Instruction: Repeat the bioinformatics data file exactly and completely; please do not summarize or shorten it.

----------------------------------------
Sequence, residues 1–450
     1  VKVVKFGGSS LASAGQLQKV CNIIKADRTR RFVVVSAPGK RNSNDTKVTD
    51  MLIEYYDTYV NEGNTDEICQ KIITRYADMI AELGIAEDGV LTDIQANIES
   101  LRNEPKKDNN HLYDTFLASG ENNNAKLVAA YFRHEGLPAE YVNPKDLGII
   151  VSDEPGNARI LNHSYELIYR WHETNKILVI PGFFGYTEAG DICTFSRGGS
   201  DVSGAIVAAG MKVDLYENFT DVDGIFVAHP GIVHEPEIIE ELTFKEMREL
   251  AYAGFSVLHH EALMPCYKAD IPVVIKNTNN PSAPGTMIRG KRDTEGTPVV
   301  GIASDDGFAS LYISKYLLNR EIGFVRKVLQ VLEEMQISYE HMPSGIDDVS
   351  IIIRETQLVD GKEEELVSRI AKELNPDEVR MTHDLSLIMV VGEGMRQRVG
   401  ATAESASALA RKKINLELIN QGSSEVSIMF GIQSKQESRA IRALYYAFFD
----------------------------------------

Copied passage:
Sequence, residues 1–450
     1  VKVVKFGGSS LASAGQLQKV CNIIKADRTR RFVVVSAPGK RNSNDTKVTD
    51  MLIEYYDTYV NEGNTDEICQ KIITRYADMI AELGIAEDGV LTDIQANIES
   101  LRNEPKKDNN HLYDTFLASG ENNNAKLVAA YFRHEGLPAE YVNPKDLGII
   151  VSDEPGNARI LNHSYELIYR WHETNKILVI PGFFGYTEAG DICTFSRGGS
   201  DVSGAIVAAG MKVDLYENFT DVDGIFVAHP GIVHEPEIIE ELTFKEMREL
   251  AYAGFSVLHH EALMPCYKAD IPVVIKNTNN PSAPGTMIRG KRDTEGTPVV
   301  GIASDDGFAS LYISKYLLNR EIGFVRKVLQ VLEEMQISYE HMPSGIDDVS
   351  IIIRETQLVD GKEEELVSRI AKELNPDEVR MTHDLSLIMV VGEGMRQRVG
   401  ATAESASALA RKKINLELIN QGSSEVSIMF GIQSKQESRA IRALYYAFFD